Anxiety Attacks Explained – It’s Just Your Body

Anxiety Attack Explained

Anxiety or panic attacks are sudden periods of intense anxiety, fear, and discomfort. While these attacks might seem to happen for no reason, they’re actually the body’s response to what it perceives as the need for “fight or flight”. The attacks usually last about ten minutes, but can be as short as one minute. In severe cases, these attacks can happen in cycles. These cycles may last for extended periods. These cycles can cause “anticipation” anxiety between episodes.

Physical symptoms of anxiety attacks generally include shortness of breath, heart palpitations, and sweating. Tingling and numbness in the extremities, dizziness, lightheadedness, headaches and nausea are also commonly experienced. These may appear to be random, but they’re actually the result of the body’s preparations for protection.

The anxiety attack is brought on by a sudden onset of fear. In response, the body releases adrenaline followed by increases in the heart and breathing rate and production of sweat (to regulate body temperature). These actions prepare the body for the physical activities of fighting or escaping. Because the anticipated strenuous activity rarely follows the panic attack, these reactions result in physical discomfort.

The increased heart rate is felt as heart palpitations. Rapid breathing (hyperventilation) results in a drop in carbon dioxide levels in the lungs and blood. This leads to the tingling, numbness, dizziness and lightheadedness. The adrenaline causes a narrowing of the blood vessels which results in less blood flow to the head. This also contributes to the lightheadedness and headaches.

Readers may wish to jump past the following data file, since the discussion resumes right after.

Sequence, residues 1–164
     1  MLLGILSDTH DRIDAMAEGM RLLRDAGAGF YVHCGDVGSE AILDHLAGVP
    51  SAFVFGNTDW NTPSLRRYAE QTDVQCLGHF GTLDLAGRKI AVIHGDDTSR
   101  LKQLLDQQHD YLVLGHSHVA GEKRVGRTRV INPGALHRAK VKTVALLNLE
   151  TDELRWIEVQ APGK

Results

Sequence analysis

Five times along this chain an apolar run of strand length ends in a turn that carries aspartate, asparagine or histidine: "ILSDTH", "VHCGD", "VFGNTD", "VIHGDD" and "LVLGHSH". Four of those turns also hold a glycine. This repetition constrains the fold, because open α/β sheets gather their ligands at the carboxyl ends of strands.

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Managing My Anxiety with Pacifica

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This post was written by Alyson Shane and was originally posted here.

Many of you know that over the past while I’ve been trying to take positive steps to start tackling the stress and anxiety that I deal with in my day-to-day life. Part of that has been creating positive dialogues by sharing my experiences, and recently it’s involved using an app called Pacifica.